Japan and Indian Space Explorations to resume in November

The global pandemic, Coronavirus, has affected many sectors, including space launches. Fortunately, Japan and India are now ready to resume launch activities. For instance, India prepares to launch the Polar Satellite Launch Vehicle C49 (PSLV C49) in early November. According to a statement by the Indian Space Research Organization (ISRO) chairman, K. Sivan. Sivan spoke about the same on October 12. It was a panel comprising of Heads of Agencies at the International Astronautical Congress.

The launch’s schedule was late 2019, but that had to change because of the pandemic. It will be the first one for the country this year and will occur at the Satish Dhawan Space Center. The launch will lift off the RISAT-2BR2 radar imaging satellite, which weighs 615 kg, into a low Earth orbit.

Aboard will be satellites by Spire Global and Kleos Space. The former will be launching several Lemur 2 satellites that day. On the other hand, Kleos Space will send to space four satellites designed to carry out radio-frequency mapping. These satellites will be on board due to the rideshare agreement.

India’s first crewed mission, which is a part of the Guganyaan project, will also delay. According to ISRO, a suitable schedule is August 2022, as India will be celebrating the 75th year since gaining its independence.

On the other hand, Japan is also planning to resume. The last launch was in July when it launched the United Arab Emirates’ Hope Mars mission. According to the Japan Aerospace Exploration Agency (JAXA), the Japanese Data Relay Satellite-1 (JDRS-1) will launch in late November. The venue and the launch vehicle will be Tenegashima Space Center and H-IIA, respectively. The schedule is not final, but the progress is incredible.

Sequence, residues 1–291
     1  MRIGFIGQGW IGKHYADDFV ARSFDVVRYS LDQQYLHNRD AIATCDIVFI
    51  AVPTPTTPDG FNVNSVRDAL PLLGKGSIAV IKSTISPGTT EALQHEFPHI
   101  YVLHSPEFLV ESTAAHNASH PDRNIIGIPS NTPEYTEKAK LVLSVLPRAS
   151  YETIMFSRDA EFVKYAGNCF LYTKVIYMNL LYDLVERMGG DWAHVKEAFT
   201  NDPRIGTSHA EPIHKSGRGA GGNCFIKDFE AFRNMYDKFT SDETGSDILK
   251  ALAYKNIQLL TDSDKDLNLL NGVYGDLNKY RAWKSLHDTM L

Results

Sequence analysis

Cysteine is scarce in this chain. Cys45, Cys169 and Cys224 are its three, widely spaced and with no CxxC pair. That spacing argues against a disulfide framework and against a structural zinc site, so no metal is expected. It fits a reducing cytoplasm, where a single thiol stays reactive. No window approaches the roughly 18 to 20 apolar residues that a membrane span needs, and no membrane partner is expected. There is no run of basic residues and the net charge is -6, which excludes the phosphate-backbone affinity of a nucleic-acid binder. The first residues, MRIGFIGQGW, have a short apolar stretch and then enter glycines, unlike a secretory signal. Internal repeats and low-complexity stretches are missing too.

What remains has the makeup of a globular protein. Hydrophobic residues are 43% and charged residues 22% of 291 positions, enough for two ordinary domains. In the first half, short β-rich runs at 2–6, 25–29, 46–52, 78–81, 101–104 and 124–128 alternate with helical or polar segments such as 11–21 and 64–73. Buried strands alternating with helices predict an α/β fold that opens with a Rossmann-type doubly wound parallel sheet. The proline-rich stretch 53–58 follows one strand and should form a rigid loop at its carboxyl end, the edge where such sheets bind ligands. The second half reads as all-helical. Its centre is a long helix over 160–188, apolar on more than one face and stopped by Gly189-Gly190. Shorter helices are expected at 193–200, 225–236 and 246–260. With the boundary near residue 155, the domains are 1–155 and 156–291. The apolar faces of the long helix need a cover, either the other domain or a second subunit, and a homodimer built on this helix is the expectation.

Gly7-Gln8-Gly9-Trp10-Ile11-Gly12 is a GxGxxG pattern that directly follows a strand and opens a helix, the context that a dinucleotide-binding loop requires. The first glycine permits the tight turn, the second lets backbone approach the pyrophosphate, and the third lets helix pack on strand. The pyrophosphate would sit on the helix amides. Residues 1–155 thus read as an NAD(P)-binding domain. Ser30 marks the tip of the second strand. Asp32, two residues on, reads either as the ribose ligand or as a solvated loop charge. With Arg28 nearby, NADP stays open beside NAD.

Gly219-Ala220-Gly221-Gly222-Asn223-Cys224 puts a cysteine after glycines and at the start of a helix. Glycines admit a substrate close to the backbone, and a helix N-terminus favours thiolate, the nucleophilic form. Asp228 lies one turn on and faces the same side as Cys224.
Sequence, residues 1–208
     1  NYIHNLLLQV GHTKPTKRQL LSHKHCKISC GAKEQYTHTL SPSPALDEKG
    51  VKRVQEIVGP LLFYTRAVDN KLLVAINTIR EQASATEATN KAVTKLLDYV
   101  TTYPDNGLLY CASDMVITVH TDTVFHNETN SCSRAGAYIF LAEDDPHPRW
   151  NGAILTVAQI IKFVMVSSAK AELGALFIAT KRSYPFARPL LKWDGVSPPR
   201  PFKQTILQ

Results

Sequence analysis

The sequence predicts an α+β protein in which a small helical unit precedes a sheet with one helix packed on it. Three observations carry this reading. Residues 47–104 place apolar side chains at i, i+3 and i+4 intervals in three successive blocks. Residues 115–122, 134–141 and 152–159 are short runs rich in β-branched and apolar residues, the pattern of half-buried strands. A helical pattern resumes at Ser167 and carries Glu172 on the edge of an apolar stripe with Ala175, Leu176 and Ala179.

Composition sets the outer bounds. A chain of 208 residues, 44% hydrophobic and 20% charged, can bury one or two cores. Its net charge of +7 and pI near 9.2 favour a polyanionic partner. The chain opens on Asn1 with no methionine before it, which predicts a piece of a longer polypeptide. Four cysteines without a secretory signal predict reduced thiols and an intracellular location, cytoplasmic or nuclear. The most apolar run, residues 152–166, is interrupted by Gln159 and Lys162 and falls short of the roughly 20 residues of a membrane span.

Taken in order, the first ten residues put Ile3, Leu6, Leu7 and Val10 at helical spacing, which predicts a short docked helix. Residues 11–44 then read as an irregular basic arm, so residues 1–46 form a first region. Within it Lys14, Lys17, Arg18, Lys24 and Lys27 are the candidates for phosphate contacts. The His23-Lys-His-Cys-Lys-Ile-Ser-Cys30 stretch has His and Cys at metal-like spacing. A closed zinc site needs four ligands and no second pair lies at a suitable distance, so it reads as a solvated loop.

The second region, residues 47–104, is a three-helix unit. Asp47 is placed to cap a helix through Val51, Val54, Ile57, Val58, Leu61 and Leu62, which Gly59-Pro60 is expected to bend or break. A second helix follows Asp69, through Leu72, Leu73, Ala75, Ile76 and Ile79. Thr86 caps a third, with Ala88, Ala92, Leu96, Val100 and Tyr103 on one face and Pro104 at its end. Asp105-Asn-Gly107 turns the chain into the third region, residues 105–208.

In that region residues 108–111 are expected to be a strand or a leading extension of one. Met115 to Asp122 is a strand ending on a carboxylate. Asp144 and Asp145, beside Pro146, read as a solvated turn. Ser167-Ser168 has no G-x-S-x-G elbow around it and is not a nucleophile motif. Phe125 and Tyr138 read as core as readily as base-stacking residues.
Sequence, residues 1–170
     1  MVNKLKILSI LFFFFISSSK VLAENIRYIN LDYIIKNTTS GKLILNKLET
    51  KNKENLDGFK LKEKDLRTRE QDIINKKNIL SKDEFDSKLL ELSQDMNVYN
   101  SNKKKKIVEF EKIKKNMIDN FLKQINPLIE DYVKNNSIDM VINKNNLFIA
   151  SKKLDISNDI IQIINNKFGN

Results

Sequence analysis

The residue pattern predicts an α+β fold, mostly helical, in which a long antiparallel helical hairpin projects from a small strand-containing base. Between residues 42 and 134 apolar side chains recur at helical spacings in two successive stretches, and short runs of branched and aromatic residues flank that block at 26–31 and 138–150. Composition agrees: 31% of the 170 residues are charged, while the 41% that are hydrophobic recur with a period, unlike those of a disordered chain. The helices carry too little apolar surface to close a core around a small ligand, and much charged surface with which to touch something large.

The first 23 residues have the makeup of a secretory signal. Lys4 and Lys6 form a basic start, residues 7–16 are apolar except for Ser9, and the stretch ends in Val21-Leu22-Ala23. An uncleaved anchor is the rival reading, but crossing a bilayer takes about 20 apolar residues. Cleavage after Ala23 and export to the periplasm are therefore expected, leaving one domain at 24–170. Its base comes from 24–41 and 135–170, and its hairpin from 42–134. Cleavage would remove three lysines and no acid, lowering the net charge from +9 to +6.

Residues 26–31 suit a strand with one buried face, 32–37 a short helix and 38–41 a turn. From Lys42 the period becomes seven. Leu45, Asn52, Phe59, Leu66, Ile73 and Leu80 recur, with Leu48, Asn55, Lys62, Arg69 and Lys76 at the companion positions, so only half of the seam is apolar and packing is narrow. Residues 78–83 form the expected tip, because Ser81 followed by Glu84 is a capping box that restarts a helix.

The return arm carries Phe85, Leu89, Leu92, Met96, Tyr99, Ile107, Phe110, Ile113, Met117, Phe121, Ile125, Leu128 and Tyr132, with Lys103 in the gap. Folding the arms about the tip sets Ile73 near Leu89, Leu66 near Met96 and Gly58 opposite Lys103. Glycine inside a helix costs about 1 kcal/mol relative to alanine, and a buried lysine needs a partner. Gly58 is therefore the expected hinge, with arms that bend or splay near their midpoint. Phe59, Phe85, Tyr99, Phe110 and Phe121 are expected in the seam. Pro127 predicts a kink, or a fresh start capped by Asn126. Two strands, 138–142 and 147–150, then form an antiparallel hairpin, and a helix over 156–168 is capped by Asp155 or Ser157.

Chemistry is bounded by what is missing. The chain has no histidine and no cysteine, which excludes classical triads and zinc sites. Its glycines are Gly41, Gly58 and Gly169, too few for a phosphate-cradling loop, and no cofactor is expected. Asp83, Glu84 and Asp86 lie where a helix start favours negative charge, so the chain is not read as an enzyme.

The JDRS satellite is a collaboration of the Government of Japan and JAXA. The latter’s role is to work on optical data relay. During the IAC’s plenary session attended by seven heads of agencies, JAXA’s president Hiroshi Yamakawa highlighted various exploration missions that the agency is currently working on. He pointed out that come 2022,  JAXA will launch SLIM, the Smart Lunar Lander. 

According to JAXA and ISRO, the two countries are still planning to develop a polar lunar mission jointly. They hope that they will have sent a rover and a lander to the lunar South Pole by 2022. The main objective of the Luna Polar Exploration will be a search for water ice.

At around that time, JAXA will be planning to launch the Martian Moon eXploration (MMX), a planetary exploration mission. It will collect samples from Phobos Moon on Mars, which will be a first. The technology used to return the primary sample is the same as the one for the Hayabusa2 mission whole return capsule will land on Earth on December 6.